Valuing the freedom of the press

Tatum Lindquist, Staff Writer

Horror stories of the Orwellian Ministry of Truth may seem unrealistic, but with communication technology on the rise, information—true and false—overwhelms our thoughts and inboxes. How many of us stop to appreciate the freedom of press? Does the public even recognize journalism’s importance anymore?
Whether the public recognizes it or not, the Issaquah community recently lost a forum for local opinions. After a 117-year run and more than 6,000 newspaper editions, the Issaquah Press exercised its first amendment rights one last time on February 23 and ceased operations on February 24. Even with months of exploring cost-effective strategies, it wasn’t enough to offset revenue losses that started over six years ago.
“Smart, accurate reporting isn’t free,” Horton wrote in an open letter to advertisers and readers. “It’s important to remember that much of the truthful news you read online…[began] with a trained and dedicated journalist.”
With a decline in the newspaper workforce by 39 percent over the past two decades, society continually fails to recognize the importance of local and national journalism. The freedom of the press was not only designed to promote truthful and relevant information to the public, but also voice the public’s opinions. An article free of governmental bias ensures a chance for the majority and the minority to speak their minds.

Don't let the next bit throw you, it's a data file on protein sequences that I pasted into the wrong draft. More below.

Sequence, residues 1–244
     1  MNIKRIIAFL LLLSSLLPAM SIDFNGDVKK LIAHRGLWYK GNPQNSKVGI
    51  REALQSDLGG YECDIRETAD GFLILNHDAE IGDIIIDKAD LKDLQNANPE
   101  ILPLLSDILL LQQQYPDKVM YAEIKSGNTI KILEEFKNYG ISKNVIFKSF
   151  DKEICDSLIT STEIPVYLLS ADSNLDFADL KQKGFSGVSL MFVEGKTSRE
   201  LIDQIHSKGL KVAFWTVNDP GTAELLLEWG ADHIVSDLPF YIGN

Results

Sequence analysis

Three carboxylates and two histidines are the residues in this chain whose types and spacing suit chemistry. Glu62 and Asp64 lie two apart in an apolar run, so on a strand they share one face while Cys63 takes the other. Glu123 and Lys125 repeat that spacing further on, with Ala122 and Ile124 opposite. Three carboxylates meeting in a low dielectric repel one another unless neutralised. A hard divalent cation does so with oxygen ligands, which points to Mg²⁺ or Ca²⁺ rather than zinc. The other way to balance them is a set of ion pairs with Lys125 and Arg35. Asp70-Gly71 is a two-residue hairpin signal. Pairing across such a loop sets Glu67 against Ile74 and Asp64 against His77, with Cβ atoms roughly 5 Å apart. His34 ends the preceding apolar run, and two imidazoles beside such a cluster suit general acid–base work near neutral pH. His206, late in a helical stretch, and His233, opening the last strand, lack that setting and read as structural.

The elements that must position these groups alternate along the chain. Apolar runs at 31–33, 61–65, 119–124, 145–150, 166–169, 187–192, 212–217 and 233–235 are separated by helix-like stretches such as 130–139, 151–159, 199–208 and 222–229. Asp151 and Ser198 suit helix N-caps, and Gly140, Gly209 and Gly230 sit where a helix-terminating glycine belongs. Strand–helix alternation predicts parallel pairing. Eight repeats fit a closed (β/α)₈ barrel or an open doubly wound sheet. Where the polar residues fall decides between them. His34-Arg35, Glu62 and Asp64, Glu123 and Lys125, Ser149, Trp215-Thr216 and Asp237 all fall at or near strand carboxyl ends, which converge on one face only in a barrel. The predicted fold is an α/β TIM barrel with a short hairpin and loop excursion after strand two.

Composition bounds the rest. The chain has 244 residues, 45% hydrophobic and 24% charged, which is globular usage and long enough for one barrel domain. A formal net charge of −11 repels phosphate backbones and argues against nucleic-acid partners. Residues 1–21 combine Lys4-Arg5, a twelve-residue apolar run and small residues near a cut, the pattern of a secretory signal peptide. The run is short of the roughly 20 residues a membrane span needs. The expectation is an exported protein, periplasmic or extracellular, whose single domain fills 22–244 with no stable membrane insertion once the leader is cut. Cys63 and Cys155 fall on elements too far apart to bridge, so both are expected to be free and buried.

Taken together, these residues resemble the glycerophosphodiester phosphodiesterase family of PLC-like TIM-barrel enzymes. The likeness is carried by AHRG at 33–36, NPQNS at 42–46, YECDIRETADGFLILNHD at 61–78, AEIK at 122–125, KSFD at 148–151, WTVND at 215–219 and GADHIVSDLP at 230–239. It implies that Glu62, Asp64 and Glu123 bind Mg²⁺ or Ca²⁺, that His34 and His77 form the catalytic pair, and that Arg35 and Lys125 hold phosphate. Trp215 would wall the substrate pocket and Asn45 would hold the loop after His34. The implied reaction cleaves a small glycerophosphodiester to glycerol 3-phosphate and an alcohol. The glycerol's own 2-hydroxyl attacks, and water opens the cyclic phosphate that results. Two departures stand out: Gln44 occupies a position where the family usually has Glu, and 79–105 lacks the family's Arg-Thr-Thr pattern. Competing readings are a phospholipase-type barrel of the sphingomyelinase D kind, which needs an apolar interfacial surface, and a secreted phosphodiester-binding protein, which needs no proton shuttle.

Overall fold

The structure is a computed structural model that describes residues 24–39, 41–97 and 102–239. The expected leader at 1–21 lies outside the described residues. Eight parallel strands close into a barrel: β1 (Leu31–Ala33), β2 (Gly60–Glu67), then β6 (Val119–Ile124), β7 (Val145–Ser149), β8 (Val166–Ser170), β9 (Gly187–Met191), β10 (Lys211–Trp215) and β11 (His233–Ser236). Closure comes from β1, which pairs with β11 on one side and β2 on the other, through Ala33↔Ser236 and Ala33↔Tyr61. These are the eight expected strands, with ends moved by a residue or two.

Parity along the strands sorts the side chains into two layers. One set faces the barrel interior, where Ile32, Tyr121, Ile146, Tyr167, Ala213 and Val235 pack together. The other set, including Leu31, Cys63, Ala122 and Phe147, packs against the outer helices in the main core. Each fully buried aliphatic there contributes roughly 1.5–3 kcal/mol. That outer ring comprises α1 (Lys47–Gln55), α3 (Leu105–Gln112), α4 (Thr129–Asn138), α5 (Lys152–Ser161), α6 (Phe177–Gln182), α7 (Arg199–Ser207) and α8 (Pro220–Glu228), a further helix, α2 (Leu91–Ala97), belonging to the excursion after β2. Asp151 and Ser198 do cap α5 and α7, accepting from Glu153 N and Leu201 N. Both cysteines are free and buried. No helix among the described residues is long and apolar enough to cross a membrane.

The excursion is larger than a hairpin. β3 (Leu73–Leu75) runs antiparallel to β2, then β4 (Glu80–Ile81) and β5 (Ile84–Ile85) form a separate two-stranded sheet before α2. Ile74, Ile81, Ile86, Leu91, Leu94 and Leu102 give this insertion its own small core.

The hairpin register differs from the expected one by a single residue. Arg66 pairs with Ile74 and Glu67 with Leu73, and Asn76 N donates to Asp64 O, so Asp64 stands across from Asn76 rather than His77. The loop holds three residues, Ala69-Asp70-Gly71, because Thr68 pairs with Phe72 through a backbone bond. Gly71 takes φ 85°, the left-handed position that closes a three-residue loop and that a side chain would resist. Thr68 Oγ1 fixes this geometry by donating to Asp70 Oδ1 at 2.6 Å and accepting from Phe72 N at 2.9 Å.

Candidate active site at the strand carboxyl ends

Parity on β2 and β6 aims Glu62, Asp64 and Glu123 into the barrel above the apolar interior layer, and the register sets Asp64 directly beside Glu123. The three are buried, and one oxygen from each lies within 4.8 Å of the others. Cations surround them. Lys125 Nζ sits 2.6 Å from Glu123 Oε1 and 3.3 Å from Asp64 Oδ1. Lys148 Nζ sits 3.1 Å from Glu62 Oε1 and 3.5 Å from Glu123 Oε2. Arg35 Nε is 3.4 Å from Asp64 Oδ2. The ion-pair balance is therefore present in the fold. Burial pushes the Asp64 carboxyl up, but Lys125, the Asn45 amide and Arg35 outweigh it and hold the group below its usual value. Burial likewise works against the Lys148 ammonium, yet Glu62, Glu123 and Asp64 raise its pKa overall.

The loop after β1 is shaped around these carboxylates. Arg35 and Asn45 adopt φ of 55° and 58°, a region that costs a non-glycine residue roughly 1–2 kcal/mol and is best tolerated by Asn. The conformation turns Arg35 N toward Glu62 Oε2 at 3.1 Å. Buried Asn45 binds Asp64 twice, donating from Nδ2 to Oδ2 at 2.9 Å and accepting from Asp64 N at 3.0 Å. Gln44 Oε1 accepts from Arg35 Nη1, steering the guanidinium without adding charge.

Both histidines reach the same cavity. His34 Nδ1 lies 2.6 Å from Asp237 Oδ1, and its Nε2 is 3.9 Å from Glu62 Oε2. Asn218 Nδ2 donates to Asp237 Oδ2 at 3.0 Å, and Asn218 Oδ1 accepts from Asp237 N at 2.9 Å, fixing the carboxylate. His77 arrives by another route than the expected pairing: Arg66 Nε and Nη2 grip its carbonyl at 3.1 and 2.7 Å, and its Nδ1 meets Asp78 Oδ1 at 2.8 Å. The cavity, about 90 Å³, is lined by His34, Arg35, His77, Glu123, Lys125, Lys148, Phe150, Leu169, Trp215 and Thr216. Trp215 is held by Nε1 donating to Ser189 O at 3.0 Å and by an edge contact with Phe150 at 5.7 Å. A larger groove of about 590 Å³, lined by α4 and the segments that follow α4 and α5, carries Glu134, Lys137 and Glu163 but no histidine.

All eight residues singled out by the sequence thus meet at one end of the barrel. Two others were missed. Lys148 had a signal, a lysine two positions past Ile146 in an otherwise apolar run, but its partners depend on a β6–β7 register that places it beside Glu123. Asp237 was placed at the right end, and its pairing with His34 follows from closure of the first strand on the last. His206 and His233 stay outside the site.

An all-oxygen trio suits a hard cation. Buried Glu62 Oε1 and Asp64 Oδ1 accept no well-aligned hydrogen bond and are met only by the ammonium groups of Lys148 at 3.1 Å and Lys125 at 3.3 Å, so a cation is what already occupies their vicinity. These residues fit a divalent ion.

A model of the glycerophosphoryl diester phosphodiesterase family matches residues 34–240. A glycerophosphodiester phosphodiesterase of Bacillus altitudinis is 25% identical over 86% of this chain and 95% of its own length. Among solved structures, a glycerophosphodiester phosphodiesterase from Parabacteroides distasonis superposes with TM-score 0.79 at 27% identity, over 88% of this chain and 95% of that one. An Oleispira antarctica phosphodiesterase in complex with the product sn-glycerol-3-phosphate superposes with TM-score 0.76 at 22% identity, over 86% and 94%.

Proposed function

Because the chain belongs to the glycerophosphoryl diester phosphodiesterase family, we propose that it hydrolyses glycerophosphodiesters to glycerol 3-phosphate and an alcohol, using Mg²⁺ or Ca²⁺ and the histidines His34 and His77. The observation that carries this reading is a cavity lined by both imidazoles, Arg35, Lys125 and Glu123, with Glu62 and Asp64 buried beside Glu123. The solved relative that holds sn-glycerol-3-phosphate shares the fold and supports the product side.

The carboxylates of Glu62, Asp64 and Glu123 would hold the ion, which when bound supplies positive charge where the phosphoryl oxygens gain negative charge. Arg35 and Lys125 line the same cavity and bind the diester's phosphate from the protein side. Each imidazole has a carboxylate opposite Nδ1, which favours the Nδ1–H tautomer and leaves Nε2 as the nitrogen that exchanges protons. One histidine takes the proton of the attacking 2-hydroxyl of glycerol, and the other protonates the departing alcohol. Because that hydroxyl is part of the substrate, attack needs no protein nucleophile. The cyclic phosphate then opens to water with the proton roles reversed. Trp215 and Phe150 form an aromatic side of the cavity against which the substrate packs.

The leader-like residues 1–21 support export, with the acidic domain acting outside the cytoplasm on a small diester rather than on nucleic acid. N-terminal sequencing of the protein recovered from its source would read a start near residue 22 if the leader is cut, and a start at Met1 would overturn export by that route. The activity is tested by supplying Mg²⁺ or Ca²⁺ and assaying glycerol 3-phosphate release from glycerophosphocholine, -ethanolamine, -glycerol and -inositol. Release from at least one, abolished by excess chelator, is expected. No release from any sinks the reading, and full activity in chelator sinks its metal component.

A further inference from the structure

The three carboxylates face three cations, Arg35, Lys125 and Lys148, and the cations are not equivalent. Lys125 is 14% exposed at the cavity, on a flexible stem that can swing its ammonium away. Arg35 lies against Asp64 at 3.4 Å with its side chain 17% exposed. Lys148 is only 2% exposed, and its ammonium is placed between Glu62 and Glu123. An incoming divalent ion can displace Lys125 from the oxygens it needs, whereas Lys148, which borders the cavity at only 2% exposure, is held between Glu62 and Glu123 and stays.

As the head of American society, the Trump Administration plays a prominent role in setting an example for the public. Unfortunately, it appears that Donald Trump exhibits a disdain for the press within his first few months in office: insulting journalists, threatening lawsuits against newspapers such as the New York Times, and suggesting opening up the U.S. libel laws.
While community groups similar to the Issaquah Press struggle to compete with national news corporations, even they must fight for their inherent rights against Trump. Attacks against the American freedom of press hinder its societal importance nationally and locally, but our society must restore the value of true journalism in order to maintain public awareness.
Journalists write to inform readers—not necessarily humor them—and the freedom of press protects these journalists. The first amendment should not be taken for granted, but embraced and upheld. While some make it seem like protecting the first amendment means protecting “alternative facts,” by standing for the freedom of press, you recognize and encourage journalistic integrity.